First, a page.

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Does Work-Personal Life Interference Predict Turnover Among Male and Female Managers, and do Depressive Symptoms Mediate the Association?
Stockholm University, Faculty of Social Sciences, Stress Research Institute.
Stockholm University, Faculty of Social Sciences, Stress Research Institute.
Stockholm University, Faculty of Social Sciences, Department of Psychology, Work and organizational psychology.
Stockholm University, Faculty of Social Sciences, Stress Research Institute.
2018 (English)In: Book of Proceedings 13th Conference of the European Academy of Occupational Health Psychology: Adapting to rapid changes in today’s workplace / [ed] K. Teoh, N. Saade, V. Dediu, J. Hassard, L. Torres, Nottingham: European Academy of Occupational Health Psychology , 2018, p. 308-309, article id O135Conference paper, Oral presentation with published abstract (Refereed)
Abstract [en]

Background: To increase possibilities for women and men to remain in leadership positions a better understanding of turnover processes among female and male managers appears important. Although the interface between work and personal life has been recognised as a key issue for managers, it has seldom been empirically investigated in relation to turnover. In the present study we used a longitudinal multi-group design to examine associations between work- personal life interference, managerial turnover and depressive symptoms, and their differences with respect to gender. We hypothesised that 1) work-personal life interference predict managerial turnover, 2) depressive symptoms mediate the association, which 3) differ by gender. 

Methods: Data were drawn from four waves (2010, 2012, 2014 and 2016) of the Swedish Longitudinal Occupational Survey of Health (SLOSH), a cohort of the Swedish working population. Participants who in any wave reported to have a managerial or other leading position were included (n=717 men and 741 women). Mediation models within a multilevel SEM framework, in which repeated measures were nested within individuals, were fitted. First, bivariate autoregressive and cross-lagged paths between the variables (t and t-1) were fitted in gender stratified models. Secondly, a full longitudinal gender stratified mediation model was built to estimate if the association between work-personal life interference (t-2) and turnover (t) was mediated through depressive symptoms (t-1). Gender differences in cross-lagged paths were estimated with multiple-group analysis. All analyses were adjusted for age, education, labour market sector, civil status and children living at home, and conducted in MPLUS 7.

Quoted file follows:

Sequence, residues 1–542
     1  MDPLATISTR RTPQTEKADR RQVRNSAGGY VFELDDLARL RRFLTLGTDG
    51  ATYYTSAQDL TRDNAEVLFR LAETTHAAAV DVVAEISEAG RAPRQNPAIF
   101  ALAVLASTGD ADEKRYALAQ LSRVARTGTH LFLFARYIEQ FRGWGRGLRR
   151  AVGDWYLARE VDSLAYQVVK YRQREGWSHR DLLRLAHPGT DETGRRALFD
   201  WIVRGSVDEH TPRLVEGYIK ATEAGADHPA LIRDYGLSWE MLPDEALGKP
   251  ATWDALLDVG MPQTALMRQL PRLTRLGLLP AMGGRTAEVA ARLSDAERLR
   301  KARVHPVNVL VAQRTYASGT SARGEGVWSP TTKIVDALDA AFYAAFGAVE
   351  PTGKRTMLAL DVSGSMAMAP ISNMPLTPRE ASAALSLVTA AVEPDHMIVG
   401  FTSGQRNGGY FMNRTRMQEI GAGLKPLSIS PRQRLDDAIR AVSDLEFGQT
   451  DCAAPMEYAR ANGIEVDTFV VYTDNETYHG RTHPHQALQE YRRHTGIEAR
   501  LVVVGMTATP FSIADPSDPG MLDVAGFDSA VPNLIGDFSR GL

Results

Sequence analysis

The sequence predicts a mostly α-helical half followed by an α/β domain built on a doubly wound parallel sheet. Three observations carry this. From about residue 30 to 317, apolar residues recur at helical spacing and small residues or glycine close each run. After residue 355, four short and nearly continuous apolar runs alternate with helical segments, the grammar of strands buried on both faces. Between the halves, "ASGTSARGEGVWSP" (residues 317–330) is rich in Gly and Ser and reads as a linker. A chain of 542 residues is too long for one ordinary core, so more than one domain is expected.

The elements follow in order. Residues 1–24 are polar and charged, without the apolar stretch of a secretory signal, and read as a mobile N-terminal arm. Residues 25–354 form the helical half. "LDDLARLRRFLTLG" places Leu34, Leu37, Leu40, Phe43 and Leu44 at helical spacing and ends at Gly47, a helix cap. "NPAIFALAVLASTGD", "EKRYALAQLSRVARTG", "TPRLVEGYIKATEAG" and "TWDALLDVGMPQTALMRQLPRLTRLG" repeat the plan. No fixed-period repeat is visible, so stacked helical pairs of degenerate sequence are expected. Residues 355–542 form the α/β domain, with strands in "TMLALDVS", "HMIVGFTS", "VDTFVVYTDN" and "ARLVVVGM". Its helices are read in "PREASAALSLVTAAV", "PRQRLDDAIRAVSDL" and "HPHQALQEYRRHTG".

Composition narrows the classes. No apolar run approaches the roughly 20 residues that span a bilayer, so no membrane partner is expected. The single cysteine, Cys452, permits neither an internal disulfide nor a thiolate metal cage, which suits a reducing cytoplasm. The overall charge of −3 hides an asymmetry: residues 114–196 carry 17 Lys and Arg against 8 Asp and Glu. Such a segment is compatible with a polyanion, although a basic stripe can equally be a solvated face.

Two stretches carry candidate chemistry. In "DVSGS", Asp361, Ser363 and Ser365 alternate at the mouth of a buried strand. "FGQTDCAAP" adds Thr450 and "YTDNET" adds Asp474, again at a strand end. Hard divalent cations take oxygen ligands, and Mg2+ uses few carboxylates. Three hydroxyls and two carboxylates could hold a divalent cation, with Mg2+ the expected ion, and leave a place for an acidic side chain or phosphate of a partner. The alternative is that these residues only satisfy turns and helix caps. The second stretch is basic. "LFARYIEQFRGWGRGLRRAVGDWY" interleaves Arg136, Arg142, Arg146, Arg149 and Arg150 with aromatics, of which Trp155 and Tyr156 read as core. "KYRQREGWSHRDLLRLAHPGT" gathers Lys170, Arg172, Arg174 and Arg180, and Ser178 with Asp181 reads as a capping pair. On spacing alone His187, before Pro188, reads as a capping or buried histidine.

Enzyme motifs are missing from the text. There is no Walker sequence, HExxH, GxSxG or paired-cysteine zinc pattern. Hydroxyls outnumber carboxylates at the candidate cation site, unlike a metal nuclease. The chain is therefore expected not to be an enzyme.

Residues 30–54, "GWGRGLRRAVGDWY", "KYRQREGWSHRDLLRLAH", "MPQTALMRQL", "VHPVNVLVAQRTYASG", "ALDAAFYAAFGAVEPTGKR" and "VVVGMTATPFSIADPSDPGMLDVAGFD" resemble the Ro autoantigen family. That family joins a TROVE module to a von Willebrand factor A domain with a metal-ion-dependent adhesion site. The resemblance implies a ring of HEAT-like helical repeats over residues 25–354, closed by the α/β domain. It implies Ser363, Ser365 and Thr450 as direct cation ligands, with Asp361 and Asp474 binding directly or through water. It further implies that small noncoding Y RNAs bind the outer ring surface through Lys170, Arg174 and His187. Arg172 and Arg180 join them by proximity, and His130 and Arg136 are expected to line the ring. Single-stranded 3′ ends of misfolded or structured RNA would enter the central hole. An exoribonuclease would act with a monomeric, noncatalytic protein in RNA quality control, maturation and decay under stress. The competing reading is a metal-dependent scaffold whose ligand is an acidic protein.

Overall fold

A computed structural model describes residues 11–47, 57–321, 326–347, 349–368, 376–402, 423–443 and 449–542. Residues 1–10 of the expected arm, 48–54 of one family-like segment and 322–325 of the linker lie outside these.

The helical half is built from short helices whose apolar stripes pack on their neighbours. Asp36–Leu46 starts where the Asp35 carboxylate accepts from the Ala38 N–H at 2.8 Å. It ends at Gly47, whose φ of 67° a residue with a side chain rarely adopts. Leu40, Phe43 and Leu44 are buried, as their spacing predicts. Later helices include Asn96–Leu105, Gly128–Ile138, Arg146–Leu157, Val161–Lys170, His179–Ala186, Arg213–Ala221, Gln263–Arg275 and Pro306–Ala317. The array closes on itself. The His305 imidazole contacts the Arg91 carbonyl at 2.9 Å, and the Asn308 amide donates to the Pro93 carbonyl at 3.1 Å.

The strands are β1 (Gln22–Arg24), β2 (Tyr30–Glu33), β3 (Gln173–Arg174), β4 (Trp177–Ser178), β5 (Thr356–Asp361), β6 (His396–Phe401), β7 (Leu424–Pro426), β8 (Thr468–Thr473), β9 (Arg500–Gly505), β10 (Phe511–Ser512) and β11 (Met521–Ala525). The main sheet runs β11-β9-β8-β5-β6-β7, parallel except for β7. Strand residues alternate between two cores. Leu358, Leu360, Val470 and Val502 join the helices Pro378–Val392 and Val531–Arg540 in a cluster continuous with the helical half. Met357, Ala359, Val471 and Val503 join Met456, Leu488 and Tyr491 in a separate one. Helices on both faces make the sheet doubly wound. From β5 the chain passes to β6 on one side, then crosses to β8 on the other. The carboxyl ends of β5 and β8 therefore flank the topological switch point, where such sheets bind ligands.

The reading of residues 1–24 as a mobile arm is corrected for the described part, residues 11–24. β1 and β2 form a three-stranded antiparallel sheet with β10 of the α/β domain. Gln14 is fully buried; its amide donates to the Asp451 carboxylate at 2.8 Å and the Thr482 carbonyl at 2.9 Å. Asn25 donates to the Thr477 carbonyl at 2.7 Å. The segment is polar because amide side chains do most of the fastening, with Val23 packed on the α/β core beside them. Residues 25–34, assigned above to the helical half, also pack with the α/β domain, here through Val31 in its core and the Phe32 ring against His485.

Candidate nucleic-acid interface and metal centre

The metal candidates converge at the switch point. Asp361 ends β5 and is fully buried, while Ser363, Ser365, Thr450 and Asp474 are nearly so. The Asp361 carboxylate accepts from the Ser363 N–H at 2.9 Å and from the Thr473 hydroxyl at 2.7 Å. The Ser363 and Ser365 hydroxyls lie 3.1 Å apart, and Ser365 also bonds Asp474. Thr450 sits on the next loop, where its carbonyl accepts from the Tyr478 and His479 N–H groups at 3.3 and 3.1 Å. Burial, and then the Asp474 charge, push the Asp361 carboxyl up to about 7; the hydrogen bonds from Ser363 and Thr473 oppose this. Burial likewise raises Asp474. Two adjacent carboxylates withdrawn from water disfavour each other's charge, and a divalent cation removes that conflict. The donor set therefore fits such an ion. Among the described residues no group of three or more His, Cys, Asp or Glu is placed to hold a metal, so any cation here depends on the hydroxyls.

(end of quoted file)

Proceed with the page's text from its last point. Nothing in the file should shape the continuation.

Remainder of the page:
Results: In accordance with our first hypothesis, significant prospective paths between work- personal life interference and turnover were found among both male and female managers. In line with our second hypothesis, there were furthermore significant prospective associations between work-personal life interference and depressive symptoms as well as between depressive symptoms and turnover in both genders. However, no significant intermediate effect of depressive symptoms in the longitudinal association between work-personal life interference and turnover was found in any gender, and therefore our second hypothesis was not supported. We found gender differences in several of the estimated associations, lending partial support for our third hypothesis.

Conclusions: Establishing organisational prerequisites for good work-personal life balance among managers may be a means to retain male and female managerial talent.

Place, publisher, year, edition, pages
Nottingham: European Academy of Occupational Health Psychology , 2018. p. 308-309, article id O135
Keywords [en]
work life, personal life, leadership positions, turnover, gender, depressive symptoms, longitudinal
National Category
Psychology
Research subject
Psychology
Identifiers
URN: urn:nbn:se:su:diva-164004ISBN: 978-0-9928786-4-1 (print)OAI: oai:DiVA.org:su-164004DiVA, id: diva2:1277589
Conference
13th European Academy of Occupational Health Psychology Conference 2018, Lisbon, Portugal, September 5-7, 2018
Available from: 2019-01-10 Created: 2019-01-10 Last updated: 2019-01-28Bibliographically approved

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Nyberg, AnnaPeristera, ParaskeviBernhard-Oettel, ClaudiaLeineweber, Constanze
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